Quality improvement: the answers lie within
Self-assessment, Osh Oblast © GIZ/Maxime Fossat
For the past six months, staff at 13 hospitals, family medicine centers and maternity houses across Kyrgyzstan have been searching for answers to the stubborn problem of maternal mortality. Women in Kyrgyzstan continue to die at a higher rate during pregnancy, childbirth and after delivery than women anywhere else in the European region. According to the last Confidential Enquiry into Maternal Deaths (2014-15), nearly 40% of these deaths took place in secondary-level health facilities, such as regional (oblast) hospitals.
The Promotion of Perinatal Health in Kyrgyzstan project is trying to change this by introducing a new approach to quality improvement in selected health organisations in Bishkek, Chui, Issyk-Kul, Naryn and Osh oblasts. Two mentors are coaching quality improvement teams in each facility to assess performance, to identify areas for improvement, to select priorities, and to develop action plans to tackle these one by one. The premise of the approach is that health workers themselves are well-placed to identify solutions to gaps in their own workplaces – and that doing so together is an effective and sustainable way to improve the quality of perinatal care services.
Participatory standard setting
Doctors and managers from the 13 health facilities were directly involved in the selection of the standards and indicators for assessing the quality of perinatal care services. In June 2019, they took part in a two-day workshop in Bishkek, led by EPOS Health Management, a German consulting firm working on behalf of GIZ. There they worked in small groups to review and agree the content of a self-assessment tool. They identified 36 standards used by the Medical Accreditation Center to assess quality of care for pregnant women and newborns, and then matched these with relevant, clearly formulated indicators used by the Mandatory Health Insurance Fund and the World Health Organization.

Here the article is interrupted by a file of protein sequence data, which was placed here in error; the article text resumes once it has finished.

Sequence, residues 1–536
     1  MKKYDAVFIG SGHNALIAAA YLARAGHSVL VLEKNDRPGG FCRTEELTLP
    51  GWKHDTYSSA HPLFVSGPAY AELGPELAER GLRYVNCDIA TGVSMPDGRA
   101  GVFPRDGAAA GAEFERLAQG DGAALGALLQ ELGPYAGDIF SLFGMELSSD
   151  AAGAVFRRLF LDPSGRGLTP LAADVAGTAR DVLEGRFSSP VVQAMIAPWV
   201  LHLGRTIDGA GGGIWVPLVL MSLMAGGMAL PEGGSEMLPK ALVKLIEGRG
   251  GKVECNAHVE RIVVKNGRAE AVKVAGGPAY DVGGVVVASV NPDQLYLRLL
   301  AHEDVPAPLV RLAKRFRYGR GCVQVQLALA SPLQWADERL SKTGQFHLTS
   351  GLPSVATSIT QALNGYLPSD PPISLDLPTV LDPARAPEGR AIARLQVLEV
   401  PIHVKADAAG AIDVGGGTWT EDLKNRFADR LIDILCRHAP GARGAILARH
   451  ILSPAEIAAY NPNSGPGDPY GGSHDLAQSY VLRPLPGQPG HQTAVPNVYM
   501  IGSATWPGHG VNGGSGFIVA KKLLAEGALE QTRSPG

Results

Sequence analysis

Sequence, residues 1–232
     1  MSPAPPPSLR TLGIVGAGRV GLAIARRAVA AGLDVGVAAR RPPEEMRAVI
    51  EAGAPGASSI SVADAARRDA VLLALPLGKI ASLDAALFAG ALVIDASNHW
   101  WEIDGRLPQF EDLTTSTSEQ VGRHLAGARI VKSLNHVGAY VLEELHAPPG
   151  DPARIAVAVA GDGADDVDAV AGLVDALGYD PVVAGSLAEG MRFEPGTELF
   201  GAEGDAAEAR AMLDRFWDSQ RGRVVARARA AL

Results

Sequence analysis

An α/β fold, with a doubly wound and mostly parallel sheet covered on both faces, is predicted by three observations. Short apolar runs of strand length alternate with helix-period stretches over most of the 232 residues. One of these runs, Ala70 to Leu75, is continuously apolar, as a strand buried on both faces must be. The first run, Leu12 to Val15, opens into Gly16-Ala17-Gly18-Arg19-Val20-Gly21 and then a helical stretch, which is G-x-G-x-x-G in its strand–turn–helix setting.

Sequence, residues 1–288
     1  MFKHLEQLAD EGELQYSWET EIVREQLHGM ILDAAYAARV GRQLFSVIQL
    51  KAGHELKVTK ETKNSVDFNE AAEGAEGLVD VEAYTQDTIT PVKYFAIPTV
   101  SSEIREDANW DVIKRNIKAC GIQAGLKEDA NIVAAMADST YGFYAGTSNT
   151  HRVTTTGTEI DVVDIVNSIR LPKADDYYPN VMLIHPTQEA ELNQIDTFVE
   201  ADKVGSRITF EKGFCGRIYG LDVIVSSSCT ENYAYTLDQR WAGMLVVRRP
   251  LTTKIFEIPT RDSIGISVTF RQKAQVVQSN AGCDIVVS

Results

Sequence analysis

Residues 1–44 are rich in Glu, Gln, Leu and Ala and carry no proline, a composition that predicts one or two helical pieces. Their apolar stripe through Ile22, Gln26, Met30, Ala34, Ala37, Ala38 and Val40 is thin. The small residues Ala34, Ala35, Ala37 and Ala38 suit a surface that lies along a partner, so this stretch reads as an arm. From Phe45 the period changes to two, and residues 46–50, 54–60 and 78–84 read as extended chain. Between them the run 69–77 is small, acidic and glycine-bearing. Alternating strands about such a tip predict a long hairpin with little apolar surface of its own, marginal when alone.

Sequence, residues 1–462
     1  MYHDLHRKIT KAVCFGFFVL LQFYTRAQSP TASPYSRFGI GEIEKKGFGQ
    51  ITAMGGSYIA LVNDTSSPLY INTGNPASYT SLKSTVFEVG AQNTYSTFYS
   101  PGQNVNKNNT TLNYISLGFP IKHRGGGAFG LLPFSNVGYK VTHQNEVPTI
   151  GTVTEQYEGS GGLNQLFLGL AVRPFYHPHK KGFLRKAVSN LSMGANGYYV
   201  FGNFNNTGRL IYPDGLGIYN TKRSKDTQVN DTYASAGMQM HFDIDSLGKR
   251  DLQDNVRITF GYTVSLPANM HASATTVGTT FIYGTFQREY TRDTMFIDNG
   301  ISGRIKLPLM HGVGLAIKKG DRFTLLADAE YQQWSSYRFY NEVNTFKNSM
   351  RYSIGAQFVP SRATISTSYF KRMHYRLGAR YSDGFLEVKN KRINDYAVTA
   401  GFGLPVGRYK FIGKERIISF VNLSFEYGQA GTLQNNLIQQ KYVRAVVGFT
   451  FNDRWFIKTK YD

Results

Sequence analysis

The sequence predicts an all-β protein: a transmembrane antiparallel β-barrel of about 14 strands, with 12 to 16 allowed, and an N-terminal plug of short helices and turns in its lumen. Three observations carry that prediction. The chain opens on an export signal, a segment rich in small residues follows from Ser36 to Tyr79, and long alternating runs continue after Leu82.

According to Chinara Kazakbaeva, a technical advisor with GIZ who is one of the two mentors working with the health facilities, the workshop participants took full advantage of the opportunity to be part of standard-setting. ‘It’s is very important that medical specialists played an active role in selecting the standards. In the past, these have always been imposed from above.’
The self-assessment tool was then tested at three different health facilities in Bishkek and Chuy oblast to make sure that it would be suitable for use in family medicine centers, hospitals and tertiary-care institutions.
From external quality control to self-directed quality improvement
In August 2019, international quality experts and the two mentors travelled to each of the 13 facilities to train quality improvement teams how to work with the self-assessment tool. During these visits they worked alongside the team members to apply six of the standards in a facilitated assessment. This built familiarity with the tool and led to the establishment of a baseline value for each facility.
Gulbara Kenjebaeva, head of Osh Oblast Maternity Hospital © GIZ/Maxime Fossat
Since September, the teams have been conducting self-assessments, with support from project mentors, using the full tool. After applying all 36 standards, the teams review the results and prioritise areas which can be improved with few resources. These ‘quick wins’ sustain motivation and build a sense of ownership over the quality improvement process. They then work to develop quality improvement plans with mid- and long-term goals for the facility.
Dr Gulbara Kenjebaeva, the Head of the Osh Oblast Maternity Hospital, is positive about the process thus far. ‘I’ve learned about quality improvement through other assessment processes, but this is the first time that I’ve learned to identify detailed problems. And I find it good that this approach isn’t limited only to clinical issues, but to administrative and management issues as well,’ she says. ‘If we are able to improve our performance in relation to these standards, it will have an impact on the health of both children and mothers.’